Taking on Japanese knotweed, a nasty invasive

By Dawn Tanner

Japanese knotweed is an invasive plant with a long history in the United Kingdom (UK) and other parts of the world as an extremely problematic species. In the UK, the presence of the plant on or even near a parcel of land negatively affects land values to the frustration and heartache of many property owners.

It’s not just a problem in the UK, it is a widespread problem in the northwest United States. And it’s also here in St. Anthony Park.

But there’s no reason to ­despair—not just yet. Japanese knotweed infestations in and near St. Anthony Park so far are small and fairly isolated. One infestation is located in Lauderdale just off Larpenteur Avenue West and Pleasant Street, not far from the Les Bolstad Golf Course. The other is located on North Eustis Street near West Bourne Avenue next to Highway 280.

To see these locations and get a better idea of the extent of Japanese knotweed infestations, visit the Early Detection and Distribution Mapping System (EDDMapS), developed by the University of Georgia. EDDMapS is a centralized reporting system for invasive species that includes distribution maps, site reports, photos, and treatment records. Do your best to become familiar with Japanese knotweed so you can report additional sites and help keep knotweed contained.

Identifying the knotweed

Japanese knotweed is distinctive and relatively easy to identify. One of its common names is Japanese bamboo because it produces hollow, upright, bamboo-like stems 3-16 feet tall. Stems, or canes, are often reddish or red speckled, and leaves are large with smooth edges. In areas where Japanese knotweed is present, thick single-species’ stands will be evident.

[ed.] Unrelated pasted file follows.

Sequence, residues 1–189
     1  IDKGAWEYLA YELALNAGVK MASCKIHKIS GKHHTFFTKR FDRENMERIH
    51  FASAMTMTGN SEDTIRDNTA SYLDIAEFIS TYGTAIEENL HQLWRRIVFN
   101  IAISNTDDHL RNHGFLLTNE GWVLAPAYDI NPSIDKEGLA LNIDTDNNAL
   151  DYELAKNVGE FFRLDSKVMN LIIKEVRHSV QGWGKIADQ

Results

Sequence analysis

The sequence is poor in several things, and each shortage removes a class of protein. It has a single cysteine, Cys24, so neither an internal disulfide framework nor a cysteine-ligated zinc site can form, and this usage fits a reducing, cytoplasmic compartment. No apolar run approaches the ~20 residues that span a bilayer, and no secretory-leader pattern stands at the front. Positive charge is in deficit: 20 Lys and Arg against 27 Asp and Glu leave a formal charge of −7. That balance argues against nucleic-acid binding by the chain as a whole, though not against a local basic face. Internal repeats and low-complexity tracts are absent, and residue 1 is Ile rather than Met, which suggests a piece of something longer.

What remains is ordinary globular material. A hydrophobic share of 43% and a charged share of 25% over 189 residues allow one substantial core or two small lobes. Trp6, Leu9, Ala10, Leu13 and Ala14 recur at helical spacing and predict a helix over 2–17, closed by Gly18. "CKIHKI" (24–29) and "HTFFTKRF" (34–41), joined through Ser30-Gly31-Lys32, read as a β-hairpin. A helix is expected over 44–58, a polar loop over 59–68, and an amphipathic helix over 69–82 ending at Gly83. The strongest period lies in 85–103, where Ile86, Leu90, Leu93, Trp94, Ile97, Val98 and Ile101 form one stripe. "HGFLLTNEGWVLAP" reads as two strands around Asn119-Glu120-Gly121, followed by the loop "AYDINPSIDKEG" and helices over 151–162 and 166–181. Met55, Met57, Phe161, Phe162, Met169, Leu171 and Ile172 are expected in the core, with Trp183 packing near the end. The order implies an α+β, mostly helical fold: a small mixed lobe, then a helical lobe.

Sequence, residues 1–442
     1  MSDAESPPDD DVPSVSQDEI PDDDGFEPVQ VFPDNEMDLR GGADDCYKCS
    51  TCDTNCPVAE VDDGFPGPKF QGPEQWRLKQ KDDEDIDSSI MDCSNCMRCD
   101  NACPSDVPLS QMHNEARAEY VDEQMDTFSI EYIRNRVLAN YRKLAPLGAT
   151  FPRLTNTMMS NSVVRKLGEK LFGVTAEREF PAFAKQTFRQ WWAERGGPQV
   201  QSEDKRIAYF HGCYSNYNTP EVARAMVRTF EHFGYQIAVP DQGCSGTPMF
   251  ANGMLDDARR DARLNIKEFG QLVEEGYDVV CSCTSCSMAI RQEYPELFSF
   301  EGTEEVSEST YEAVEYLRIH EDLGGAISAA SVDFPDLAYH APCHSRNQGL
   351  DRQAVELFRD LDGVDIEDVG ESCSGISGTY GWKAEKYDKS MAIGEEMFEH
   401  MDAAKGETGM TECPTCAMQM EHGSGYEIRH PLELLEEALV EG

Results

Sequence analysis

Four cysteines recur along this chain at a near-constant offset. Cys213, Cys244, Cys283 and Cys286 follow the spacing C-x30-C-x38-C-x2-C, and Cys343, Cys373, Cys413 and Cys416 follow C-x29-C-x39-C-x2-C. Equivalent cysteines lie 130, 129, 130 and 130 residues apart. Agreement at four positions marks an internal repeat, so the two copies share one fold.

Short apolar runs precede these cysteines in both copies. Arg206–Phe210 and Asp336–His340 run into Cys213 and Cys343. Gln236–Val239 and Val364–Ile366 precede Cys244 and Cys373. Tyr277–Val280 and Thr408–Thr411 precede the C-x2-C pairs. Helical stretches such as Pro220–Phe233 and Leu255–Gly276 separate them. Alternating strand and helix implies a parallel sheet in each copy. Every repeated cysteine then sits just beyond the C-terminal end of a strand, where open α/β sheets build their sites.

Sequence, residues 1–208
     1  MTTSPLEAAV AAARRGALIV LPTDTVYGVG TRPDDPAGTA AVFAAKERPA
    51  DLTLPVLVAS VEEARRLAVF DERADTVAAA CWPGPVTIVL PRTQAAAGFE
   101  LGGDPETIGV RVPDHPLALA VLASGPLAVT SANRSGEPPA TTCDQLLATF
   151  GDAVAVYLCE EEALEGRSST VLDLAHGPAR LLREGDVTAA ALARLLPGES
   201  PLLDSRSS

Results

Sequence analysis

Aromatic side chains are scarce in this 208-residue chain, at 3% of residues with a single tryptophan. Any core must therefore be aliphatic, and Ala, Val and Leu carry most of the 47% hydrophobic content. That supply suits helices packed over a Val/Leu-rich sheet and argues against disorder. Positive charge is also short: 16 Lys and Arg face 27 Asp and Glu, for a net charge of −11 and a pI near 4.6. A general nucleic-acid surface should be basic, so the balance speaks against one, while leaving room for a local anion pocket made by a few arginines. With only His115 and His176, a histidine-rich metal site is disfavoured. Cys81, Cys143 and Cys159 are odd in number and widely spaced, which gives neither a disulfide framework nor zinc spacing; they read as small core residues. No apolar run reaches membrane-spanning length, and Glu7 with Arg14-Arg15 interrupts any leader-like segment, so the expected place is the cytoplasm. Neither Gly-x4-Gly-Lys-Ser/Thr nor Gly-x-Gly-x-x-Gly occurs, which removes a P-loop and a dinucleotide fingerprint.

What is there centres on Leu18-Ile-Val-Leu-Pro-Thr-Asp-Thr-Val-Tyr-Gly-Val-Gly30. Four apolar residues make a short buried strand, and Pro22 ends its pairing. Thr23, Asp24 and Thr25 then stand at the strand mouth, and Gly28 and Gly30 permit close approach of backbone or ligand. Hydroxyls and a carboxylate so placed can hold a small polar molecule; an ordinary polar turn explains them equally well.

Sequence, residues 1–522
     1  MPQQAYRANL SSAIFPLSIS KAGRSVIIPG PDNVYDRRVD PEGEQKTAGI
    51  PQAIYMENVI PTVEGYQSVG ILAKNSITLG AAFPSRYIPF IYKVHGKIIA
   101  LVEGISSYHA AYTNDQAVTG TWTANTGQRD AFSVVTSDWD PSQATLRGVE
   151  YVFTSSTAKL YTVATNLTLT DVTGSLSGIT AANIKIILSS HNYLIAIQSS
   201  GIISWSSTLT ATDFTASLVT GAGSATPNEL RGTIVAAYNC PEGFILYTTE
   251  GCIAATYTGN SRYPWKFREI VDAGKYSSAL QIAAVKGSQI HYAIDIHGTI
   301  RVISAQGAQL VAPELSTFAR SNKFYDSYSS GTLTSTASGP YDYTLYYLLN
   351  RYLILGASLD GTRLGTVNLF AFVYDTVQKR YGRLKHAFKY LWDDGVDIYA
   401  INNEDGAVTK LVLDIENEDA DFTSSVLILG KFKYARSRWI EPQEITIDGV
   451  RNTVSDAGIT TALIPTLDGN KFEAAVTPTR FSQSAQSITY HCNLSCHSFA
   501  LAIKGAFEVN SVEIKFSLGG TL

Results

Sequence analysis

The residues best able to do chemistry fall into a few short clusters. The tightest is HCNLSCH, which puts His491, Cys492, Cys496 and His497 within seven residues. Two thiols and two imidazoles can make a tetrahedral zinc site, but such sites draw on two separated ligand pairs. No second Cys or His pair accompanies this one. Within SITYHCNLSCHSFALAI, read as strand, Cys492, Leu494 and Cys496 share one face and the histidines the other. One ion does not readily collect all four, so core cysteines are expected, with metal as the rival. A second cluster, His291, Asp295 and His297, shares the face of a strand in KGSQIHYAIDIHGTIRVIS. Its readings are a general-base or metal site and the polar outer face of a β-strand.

The Japanese knotweed infestation on Eustis Street is now a project that community members, the city of St. Paul, Ramsey County, and Minnesota Department of Transportation (MnDOT) are working together to control. Community members hand-pulled the full extent of Japanese knotweed and piled it onsite. Thank you to active neighbors, connecting with each other and working together!

The knotweed pile is being left to compost onsite to avoid any re-sprouting and accidental transfer that might occur by taking it to the County composting facility. Carole Gernes, Ramsey County Cooperative Weed Management Area (CWMA) coordinator, is pairing up with MnDOT to conduct the next treatment.

Japanese knotweed is especially difficult to control because no single method is effective for eradication. The plant re-­colonizes sites from underground rhizomes (roots that can sprout) and has been reported to travel via rhizomes for up to 65 feet. Hand-pulling, burning, smothering, or chemical treatment alone will not work, and successful treatment will only be accomplished by a multi-year effort with a combination of treatments. That’s why it is extremely important to maintain vigilance and work together.

The recent, first round of pulling that was completed in late May will set the plants back, deplete energy stored in the rhizomes, and produce a shorter stand by fall that will be more effectively treated with herbicide. When the knotweed are about 3-feet tall this fall, MnDOT plans to do the next treatment round. We’ll do our best to keep the community informed about progress. You can always check EDDMapS to see when treatment is conducted and get more information.

Once we get this invasive species under control, we can keep working on garlic mustard, buckthorn and others. Controlling invasive species takes a village. 

—Dawn Tanner is a resident of St. Anthony Park and program development coordinator for the Vadnais Lake Area Water Management Organization.

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